5.5 The SemiDirectTuttle class

The SemiDirectTuttle class is responsible for constructing the interface by creating the Tuttle and the SemiDirectTuttleInterface instances, together with a feedback Panel as used in the TuttleTest applet in the previous chapter, and subsequently responding the ActionEvents which are dispatched to it from the TuttleButtons. The implementation of this class as far as the end of its init() action is as follows.

0001  // Filename SemiDirectTuttle.java. 0002  // Supplies a semi-direct interface the Tuttle class 0003  // using TuttleButtons. 0004  // 0005  // Written for Java Interface book chapter 5. 0006  // Fintan Culwin, v 0.2, August 1997. 0007   0008  package SemiDirectTuttle; 0009   0010  import java.awt.*; 0011  import java.applet.*; 0012  import java.awt.event.*; 0013   0014  import Tuttles.Tuttle; 0015  import SemiDirectTuttleInterface; 0016   0017  public class SemiDirectTuttle extends    Applet  0018                                implements ActionListener { 0019   0020  private Label  feedbackLabel; 0021  private Tuttle theTuttle; 0022  private Panel  feedbackPanel; 0023    0024     public void init() {  0025      0026     Panel     tuttlePanel = new Panel();  0027     SemiDirectTuttleInterface theInterface;   0028 0029        this.setFont( new Font( "TimesRoman", Font.PLAIN, 14)); 0030        feedbackLabel = new Label(); 0031        feedbackPanel = new Panel(); 0032        feedbackPanel.add( feedbackLabel); 0033         0034        theTuttle = new Tuttle( this, 500, 500);             0035        tuttlePanel.add( theTuttle);  0036         0037        theInterface  = new SemiDirectTuttleInterface( this); 0038   0039        this.setLayout( new BorderLayout()); 0040        this.add( feedbackPanel, "North"); 0041        this.add( tuttlePanel,   "Center");      0042        this.add( theInterface,  "South"); 0043         0044        this.feedback(); 0045     } // End init.

The init() action commences, on line 0029, by specifying the Font which will be inherited by the feedbackLabel and used to display the Tuttle's status information. It continues, on lines 0030 to 0032, by constructing the feedbackLabel and adding it to the feedbackPanel.

On lines 0034 and 0035, the Tuttle instance, theTuttle, is then constructed specifying a 500 by 500 pixel drawing area and is added to its Panel. Line 0037 constructs the SemiDirectTuttleInterface, theInterface, passing as its argument the identity of the SemiDirectTuttle applet (this) which is currently being constructed.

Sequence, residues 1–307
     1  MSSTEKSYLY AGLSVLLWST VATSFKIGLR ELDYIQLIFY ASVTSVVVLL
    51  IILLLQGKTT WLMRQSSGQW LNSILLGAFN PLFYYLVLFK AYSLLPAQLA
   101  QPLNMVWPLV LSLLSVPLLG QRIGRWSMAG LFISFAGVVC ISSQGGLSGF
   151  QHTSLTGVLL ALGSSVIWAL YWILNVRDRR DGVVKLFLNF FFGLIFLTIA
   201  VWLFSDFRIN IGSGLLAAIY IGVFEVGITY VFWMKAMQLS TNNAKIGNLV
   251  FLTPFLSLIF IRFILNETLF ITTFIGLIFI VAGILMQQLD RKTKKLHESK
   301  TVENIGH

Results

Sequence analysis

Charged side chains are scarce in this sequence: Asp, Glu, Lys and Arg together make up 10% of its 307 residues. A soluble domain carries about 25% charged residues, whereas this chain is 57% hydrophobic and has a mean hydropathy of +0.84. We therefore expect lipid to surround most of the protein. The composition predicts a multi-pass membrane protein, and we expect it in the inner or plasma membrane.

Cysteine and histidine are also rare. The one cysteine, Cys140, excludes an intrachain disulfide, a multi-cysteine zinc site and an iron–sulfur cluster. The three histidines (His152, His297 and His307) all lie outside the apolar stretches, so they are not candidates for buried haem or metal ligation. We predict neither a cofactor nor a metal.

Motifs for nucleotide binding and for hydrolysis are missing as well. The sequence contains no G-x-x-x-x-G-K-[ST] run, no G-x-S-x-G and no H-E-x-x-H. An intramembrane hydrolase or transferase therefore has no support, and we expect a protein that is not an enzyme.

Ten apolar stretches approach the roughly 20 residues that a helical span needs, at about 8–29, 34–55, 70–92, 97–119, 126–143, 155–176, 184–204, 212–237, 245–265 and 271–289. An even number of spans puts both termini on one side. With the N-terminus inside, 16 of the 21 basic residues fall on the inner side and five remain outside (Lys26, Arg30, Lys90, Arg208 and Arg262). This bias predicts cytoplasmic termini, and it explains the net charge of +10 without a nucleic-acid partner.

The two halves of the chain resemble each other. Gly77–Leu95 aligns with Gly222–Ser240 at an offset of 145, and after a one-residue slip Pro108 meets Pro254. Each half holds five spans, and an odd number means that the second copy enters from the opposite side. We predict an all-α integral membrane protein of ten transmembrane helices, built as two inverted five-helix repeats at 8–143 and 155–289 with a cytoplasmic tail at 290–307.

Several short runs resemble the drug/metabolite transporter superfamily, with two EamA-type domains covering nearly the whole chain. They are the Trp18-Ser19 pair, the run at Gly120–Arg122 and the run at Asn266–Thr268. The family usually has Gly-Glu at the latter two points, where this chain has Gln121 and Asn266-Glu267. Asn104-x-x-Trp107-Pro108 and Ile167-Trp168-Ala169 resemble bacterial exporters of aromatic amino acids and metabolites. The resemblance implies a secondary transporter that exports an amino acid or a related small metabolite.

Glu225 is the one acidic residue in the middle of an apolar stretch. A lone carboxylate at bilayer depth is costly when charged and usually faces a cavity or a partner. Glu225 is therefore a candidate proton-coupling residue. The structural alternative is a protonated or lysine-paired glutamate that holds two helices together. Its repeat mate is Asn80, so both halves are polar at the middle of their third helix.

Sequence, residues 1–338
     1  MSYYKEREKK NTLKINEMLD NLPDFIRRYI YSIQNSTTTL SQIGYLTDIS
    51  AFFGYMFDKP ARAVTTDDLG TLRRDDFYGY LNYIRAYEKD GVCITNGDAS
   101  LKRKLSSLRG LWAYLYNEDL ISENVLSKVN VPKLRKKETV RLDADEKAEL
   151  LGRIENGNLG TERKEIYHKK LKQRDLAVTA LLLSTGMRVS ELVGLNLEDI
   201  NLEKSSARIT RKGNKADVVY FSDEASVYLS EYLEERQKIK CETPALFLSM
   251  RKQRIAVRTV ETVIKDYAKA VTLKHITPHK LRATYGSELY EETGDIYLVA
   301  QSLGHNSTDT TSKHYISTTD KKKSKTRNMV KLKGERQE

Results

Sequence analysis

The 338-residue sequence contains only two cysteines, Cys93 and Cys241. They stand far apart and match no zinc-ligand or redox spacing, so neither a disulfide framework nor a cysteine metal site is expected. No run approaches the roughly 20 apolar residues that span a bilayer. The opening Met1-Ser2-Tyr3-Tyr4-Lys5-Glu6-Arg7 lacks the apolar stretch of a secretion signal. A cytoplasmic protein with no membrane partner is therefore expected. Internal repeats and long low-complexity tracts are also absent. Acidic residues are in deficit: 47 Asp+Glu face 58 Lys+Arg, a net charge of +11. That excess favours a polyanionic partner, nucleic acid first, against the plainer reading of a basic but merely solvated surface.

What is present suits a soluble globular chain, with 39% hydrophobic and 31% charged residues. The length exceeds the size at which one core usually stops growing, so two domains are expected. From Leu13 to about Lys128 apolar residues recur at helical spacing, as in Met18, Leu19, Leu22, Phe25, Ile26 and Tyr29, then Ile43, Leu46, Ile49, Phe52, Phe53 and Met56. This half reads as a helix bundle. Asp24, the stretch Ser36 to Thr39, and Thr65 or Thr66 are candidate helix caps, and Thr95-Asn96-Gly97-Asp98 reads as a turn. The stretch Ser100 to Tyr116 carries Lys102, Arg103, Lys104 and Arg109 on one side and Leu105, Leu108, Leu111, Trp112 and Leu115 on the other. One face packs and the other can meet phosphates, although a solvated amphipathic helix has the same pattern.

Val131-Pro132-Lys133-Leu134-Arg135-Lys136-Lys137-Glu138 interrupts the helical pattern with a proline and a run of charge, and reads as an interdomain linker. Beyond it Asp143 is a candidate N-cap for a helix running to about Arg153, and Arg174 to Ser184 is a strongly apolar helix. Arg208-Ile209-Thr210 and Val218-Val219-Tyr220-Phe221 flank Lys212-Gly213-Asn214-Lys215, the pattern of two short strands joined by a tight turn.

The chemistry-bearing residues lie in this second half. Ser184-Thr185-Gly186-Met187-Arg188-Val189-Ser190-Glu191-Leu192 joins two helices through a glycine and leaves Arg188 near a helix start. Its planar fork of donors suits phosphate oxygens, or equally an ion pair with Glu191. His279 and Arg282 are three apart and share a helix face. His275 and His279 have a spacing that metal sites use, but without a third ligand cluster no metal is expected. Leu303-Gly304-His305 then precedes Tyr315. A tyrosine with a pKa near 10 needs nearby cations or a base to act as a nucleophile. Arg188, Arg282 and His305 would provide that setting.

Having prepared the three parts of the interface these are added in the appropriate BorderLayout locations of the Applet Panel, to provide the complete interface shown in Figure 5.4. The last action of the init() action is to call the SemiDirectTuttle's private feedback() action to cause the Tuttle's initial status to be shown when the interface is first presented to the user.

As the SemiDirectTuttle class states that it implements the ActionListener interface, it has to implement an actionPerformed() action, as follows.

0048     public void actionPerformed( ActionEvent event) {  0049   0050     String theCommand = event.getActionCommand(); 0051   0052        if ( theCommand.equals( "Forwards")) {  0053           theTuttle.forward( 25); 0054        } else if ( theCommand.equals( "Backwards")) {  0055           theTuttle.backward( 25); 0056        } else if ( theCommand.equals( "Turn left")) {  0057           theTuttle.turnLeft( 15); ----        Other if branches omitted. 0094        } // End if. 0095         0096        this.feedback();        0097     } // End actionPerformed.

The first stage of this action, on line 0050, is to retrieve the theCommand String from the event dispatched to it from the SemiDirectTuttleInterface. A 21 way if/ else if structure then provides a branch for each possible commandString associated with each of the 21 TuttleButtons; calling the appropriate theTuttle action and passing the appropriate argument, if required.

For example, if the user were to press the turnLeft button the ActionEvent generated would contain the commandString "Turn left". This would cause the condition on line 0056 to evaluate true and the turnLeft() action of theTuttle would be called, on line 0057, causing the tuttle to turn 15o to the left. Likewise pressing the forwardButton would result in the tuttle moving 25 steps forward when theTuttle's forward() action is called on line 0053. Unfortunately this interface does not allow the user any choice in the amounts of turn or movement which are associated with the buttons.

The final stage of the actionPerformed() action, on line 0096, is to call the feedback() action so that any changes in the Tuttle's status are reported back to the user. The implementation of this action is identical to that of the comparable action presented in the TuttleTest applet at the end of the last chapter and is presented here for the sake of completeness.

0100     private void feedback() {     0101        feedbackLabel.setText( theTuttle.getDetails()); 0102        feedbackPanel.doLayout(); 0103     } // End feedback. 0104  } // End SemiDirectTuttle.

This completes the SemiDirectTuttle implementation, details of how to obtain the parts of the source code omitted for the sake of brevity can be found at the start of Appendix B.




Summary of Chapter 5

5.4 The SemiDirectTuttleInterface class

A Java GUI programmer's primer
Java GUI Programmers Primer, A
ISBN: 0139088490
EAN: 2147483647
Year: 1998
Pages: 85
Authors: Fintan Culwin

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